Australia's crude oil production has declined steadily since peaking in 2000 at 809,000 b/d, reaching a low of 556,000 b/d in 2008, according to the BP Statistical Review of World Energy 2010. According to the Australian Energy Resource Assessment, Australia holds about .3 percent of world oil reserves, with limited reserves of crude oil and most of its known remaining oil resources being condensate and liquefied petroleum gas associated with giant offshore fields.
In its State of the Industry 2010 report, an update on the 2007 report Platform for Prosperity, the Australian Petroleum Production and Exploration Association (APPEA) notes that, "There have been no major oil discoveries for many years and no new major projects with reserves of 100 million barrels or more are being planned. Therefore, oil production at least over the medium term and potentially beyond, is expected to steadily decline unless substantially more oil is discovered." APPEA noted that Australia's large but mostly unexplored frontier areas hold the greatest promise of such discoveries.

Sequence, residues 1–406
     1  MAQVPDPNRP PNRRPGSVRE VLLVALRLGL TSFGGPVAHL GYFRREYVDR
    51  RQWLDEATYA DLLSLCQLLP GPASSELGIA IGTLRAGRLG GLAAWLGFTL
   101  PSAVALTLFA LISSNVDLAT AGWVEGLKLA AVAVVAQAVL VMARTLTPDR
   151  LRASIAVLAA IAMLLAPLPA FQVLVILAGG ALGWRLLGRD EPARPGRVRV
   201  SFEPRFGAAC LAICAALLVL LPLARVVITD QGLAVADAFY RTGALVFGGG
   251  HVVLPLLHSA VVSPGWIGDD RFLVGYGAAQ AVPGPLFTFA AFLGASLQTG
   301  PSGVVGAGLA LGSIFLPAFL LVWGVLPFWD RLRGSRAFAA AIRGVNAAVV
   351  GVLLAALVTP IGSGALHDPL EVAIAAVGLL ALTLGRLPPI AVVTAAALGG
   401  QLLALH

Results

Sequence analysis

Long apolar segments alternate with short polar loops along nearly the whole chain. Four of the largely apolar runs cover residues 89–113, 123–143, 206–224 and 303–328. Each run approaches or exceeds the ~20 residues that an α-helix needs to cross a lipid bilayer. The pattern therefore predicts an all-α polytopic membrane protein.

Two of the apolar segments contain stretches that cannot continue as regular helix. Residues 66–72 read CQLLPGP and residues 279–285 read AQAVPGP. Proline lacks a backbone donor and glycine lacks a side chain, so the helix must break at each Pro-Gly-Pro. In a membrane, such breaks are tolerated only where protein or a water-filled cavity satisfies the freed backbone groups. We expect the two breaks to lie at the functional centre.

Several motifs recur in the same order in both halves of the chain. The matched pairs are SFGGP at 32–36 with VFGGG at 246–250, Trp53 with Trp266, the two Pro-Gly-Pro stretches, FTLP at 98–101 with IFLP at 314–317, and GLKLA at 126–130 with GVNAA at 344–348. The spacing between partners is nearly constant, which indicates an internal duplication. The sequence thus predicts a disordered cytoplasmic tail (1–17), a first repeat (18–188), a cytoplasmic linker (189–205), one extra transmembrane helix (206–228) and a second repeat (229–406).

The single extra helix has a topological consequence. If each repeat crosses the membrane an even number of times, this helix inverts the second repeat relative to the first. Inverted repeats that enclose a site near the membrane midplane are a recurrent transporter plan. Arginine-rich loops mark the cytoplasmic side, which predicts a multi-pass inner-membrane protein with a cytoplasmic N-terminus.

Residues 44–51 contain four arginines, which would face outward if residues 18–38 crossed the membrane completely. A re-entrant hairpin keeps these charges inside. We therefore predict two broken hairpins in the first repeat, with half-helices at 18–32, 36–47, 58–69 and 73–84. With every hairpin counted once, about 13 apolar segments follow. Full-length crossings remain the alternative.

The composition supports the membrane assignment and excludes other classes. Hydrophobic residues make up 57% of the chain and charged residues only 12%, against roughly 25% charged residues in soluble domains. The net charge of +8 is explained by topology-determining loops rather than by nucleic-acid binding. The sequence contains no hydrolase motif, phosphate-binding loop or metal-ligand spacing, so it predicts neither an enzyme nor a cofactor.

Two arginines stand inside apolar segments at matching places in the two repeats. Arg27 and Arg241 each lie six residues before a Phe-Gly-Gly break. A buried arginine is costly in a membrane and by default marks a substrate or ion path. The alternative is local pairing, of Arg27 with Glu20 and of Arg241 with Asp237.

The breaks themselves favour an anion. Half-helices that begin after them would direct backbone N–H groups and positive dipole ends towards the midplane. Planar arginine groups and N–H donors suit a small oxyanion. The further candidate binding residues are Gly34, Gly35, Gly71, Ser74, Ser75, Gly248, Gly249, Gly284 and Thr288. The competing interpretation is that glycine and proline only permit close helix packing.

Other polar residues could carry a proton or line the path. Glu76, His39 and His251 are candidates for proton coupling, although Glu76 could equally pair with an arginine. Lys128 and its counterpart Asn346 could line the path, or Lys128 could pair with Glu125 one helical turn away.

Two projects, Van Gogh and Pyrenees, began production this year, and North West Shelf oil production is expected to recover when the Okha floating production, storage and offloading vessel replaces the aging Cossack Pioneer early in 2011. However, other than these projects and planned start-up of the first stage of the Kipper project and Turrum project in the offshore Gippsland-Otway region, there is little on the horizon to help maintain Australia's oil production, APPEA notes.
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